God kills us by drowning us in the waters of Holy Baptism. God kills us so that we have no fear of the world and its trials and we are not overcome by the devil and all his minions. God leaves the mark of the cross on our foreheads and upon our hearts so that we may know that we are his and not our own. We are Christ’s and he shall never abandon us in our hour of need. He will wrestle us away from the snares of the devil and the burdens of the world. We need only remember our crippling moment in our baptism, where God killed us and brought us back to a new life, and we may bow our head to the world and have no fear, for Christ has overcome the devil and the world for us.
Jacob continues to cling to the body of God, demanding a blessing. Jacob knows that he is weakened by the crushing blow to his hip and knows that only with the blessing of God is he able to face his brother and fear no ill. Jacob proclaims his reliance on God and prays for a blessing. God, who has wrestled with Jacob and crippled his leg is gracious and blesses him. This was the point of the wrestling match the entire time. God did not come down to challenge Jacob or to cripple him, but to bless him. He blesses Jacob because Jacob is a weak sinful being. Jacob is blessed by his birth rite, by his blessing from his father Isaac, and by the gifts given to him from Laban. More importantly, Jacob received the promise from God that his descendants will be as numerous as the stars in the heavens. Nevertheless, God continues showering blessings upon Jacob because he loves him. God wrestles with Jacob and cripples him so that he may receive the blessing and the promise of the Savior.
God continues wrestling with us today. God does even more for us this day than he did for his servant Jacob. God not only leaves us needing his grace, he leaves us in need of his life giving breath. God struggled with the flesh by sending his only begotten son into the flesh. Christ wrestled with the sins of man and overcame the devil, the world, and our sinful condition. He overcame the devil with every nail driven into his hands on the cross. He created the world anew when his precious blood drained from the tree onto the cursed ground. Christ forever destroyed our sinful flesh when he resurrected gloriously from the tomb on the eighth day. Christ struggled with the flesh and won the victory. As God struggled with Jacob in order to bless him, so Christ struggled with the flesh in order to bless you. We do not struggle because Christ has already struggled with us and has wrestled us away from the fear of death.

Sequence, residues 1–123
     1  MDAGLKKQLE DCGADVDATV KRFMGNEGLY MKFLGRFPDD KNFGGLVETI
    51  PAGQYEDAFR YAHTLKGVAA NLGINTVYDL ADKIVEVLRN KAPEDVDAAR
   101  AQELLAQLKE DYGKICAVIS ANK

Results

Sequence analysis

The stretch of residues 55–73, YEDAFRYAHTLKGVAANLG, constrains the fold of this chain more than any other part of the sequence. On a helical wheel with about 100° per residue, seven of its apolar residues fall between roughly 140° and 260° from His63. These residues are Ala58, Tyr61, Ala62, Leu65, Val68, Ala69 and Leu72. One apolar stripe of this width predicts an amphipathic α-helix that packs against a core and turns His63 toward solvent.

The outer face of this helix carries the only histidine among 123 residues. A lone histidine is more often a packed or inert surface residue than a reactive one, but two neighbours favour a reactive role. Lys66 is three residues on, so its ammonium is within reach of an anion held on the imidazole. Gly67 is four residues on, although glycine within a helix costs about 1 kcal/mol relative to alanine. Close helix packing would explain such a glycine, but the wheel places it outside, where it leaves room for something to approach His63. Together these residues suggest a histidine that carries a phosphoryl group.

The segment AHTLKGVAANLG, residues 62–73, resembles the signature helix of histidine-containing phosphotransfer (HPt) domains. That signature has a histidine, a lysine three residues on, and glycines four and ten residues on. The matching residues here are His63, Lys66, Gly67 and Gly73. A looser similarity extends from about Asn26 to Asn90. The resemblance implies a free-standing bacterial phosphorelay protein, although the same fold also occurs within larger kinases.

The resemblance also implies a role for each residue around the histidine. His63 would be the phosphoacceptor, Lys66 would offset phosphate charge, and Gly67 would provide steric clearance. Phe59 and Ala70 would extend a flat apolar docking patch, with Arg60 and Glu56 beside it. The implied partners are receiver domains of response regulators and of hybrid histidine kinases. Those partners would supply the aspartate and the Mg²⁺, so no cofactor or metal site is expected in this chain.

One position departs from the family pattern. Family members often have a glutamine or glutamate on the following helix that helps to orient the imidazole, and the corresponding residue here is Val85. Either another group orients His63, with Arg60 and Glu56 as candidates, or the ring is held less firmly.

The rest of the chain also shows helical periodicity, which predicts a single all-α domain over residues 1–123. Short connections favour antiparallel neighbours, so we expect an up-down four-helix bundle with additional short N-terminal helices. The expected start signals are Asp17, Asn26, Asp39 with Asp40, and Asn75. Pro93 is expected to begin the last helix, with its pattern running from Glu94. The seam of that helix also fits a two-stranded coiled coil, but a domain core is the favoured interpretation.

Be comforted saints of God, for Christ continues blessing you today. You receive the birth rite of Christ as you die and resurrect with him through the waters of holy baptism. On your foreheads bright and glorious shines the witness of Christ’s cross. Christ Himself comes to you this day in his very body and blood in order to grant you peace and forgiveness so that you may have the strength to face the snares and wickedness of the devil. God has wrestled and struggled with you and now he blesses you as his own child. Know that as you wrestle with the pains of the world, God struggles to wrestle you away and bring you into his blessed Gospel of light and release. Christ has wrestled with the devil, killed sin, and death, and therefore now blesses you with the gift of inheritance and everlasting life. You now have no need of fear, for you walk with the cross of Christ before you and the world can do nothing to you. Amen.
Glory be to the Father, and to the Son, and to the Holy Ghost. As it was in the beginning, is now, and ever shall be, world without end, amen.